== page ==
thoughts

Freeing Yourself from Thinking Traps

Recently, I read an article stating that the average person has approximately 60,000 thoughts per day. “Is this true?” I asked myself.  Is it 100% true? As a research oriented individual, I immediately questioned this and sought valid and reliable support for this very specific claim. While I was unable to find any reputable scientific evidence to validate this idea, I can still confidently conclude that the number of thoughts one has in a single day is A LOT.

Not ironically, this whole situation got me thinking. I do know that our thoughts greatly affect how we not only see the world, but how we view ourselves.  I also know that there are thoughts that seem to just pop up on their own whether we want them to or not, and sometimes these thoughts can be pretty negative. You may look at a situation one way without considering the many other potential viewpoints, or you may think that you know how things will turn out, despite having any proof to support that idea. According to Cognitive Behavioral Therapy, these are referred to as Automatic Negative Thoughts, but I like to call them A.N.T.s. Why, you may ask? Because they are annoying, they can sting, and they are MUCH stronger than they look.  If you have been in session with me before, you may have also heard me refer to them as “Thinking Traps.”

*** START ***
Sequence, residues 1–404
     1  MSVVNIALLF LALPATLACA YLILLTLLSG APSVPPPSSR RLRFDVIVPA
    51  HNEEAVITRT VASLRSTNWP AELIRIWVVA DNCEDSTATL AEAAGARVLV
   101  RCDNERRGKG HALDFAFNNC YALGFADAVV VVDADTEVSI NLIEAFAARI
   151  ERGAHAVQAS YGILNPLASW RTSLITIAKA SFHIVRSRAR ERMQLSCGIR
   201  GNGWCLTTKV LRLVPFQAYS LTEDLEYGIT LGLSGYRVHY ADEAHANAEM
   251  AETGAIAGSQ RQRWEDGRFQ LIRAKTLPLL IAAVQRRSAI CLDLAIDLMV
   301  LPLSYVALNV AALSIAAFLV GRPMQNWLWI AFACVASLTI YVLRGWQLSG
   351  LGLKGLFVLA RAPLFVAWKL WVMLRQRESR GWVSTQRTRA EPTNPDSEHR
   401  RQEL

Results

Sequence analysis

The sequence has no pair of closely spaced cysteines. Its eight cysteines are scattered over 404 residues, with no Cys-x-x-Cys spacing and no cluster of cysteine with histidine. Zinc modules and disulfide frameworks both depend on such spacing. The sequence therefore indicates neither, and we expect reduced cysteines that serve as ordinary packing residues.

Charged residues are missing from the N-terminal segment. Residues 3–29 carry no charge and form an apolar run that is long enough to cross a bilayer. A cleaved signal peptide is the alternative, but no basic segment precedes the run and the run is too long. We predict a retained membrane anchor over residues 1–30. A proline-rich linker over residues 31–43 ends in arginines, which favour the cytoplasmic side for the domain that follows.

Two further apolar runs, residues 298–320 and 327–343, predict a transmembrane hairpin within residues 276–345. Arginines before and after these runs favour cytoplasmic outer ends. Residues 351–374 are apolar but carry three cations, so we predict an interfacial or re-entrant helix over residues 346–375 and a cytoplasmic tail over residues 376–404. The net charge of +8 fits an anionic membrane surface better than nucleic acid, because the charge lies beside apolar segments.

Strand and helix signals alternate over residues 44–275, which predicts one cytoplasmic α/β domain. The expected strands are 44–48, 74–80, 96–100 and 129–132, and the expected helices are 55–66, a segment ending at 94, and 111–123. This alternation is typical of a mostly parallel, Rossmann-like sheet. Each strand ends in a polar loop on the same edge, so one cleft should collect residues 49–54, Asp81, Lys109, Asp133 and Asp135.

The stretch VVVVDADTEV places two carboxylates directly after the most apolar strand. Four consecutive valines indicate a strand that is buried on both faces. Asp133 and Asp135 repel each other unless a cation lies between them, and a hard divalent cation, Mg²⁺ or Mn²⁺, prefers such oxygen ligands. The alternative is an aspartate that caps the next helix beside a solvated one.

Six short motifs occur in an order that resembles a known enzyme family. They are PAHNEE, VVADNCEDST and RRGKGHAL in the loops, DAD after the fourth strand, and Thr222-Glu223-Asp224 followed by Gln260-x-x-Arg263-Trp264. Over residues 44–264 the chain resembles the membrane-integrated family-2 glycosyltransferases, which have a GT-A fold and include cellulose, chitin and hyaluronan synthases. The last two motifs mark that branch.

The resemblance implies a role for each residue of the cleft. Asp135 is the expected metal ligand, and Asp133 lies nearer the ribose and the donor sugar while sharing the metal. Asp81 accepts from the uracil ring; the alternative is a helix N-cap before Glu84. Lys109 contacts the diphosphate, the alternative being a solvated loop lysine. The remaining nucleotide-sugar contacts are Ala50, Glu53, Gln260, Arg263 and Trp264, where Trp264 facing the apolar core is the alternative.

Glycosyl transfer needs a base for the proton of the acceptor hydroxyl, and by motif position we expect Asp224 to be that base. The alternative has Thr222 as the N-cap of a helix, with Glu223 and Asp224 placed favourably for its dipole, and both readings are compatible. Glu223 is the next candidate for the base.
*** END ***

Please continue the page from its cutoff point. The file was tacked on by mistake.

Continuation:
Take a look below to see what A.N.T.s you may find yourself using without even knowing it:

ThinkTrap.png

While these may sound pretty awful, it’s important to know that everyone experiences these kinds of thoughts and likely engage in more than one type. Fortunately, researchers have been able to name the different types of A.N.T.s / Thinking Traps, and there is a huge amount of valid and reliable research showing how to effectively combat them.  One of the first and most important ways to defeat these thoughts is to recognize and acknowledge that the thoughts are even happening to you. So, if you found yourself relating to any of the thoughts above, congratulations! You’ve just completed Step 1 in defeating the A.N.T.s! Next, it is vital that you ask yourself, “Is this true?” Then, ask yourself again, “Is this 100% true?” More often than not, you might realize that there is very little evidence to support the claim you are making, and you may just happen to believe the false information you are telling yourself.

All in all, remember to be kind to yourself if you find that the A.N.T.s have taken over. You have the power and the ability to seek the truth of your words, and to speak more truthfully and compassionately to yourself.  You deserve it.

LifeTip: Mind Over Matter

Photo by  Ben Sweet  on  Unsplash

Photo by Ben Sweet on Unsplash

Ever heard of the phrase “mind over matter”? This phrase refers to our mind’s ability to conquer infinite limitations brought on by external factors - our environment, the situations we are in, the challenges we face, our interactions with difficult people, and even mental/emotional barriers we experience. The idea of our mind being able to conquer the challenges we often experience throughout our lives, sounds quite appealing; however, as powerfully resilient as our minds can be, they can also be equally as self-destructive.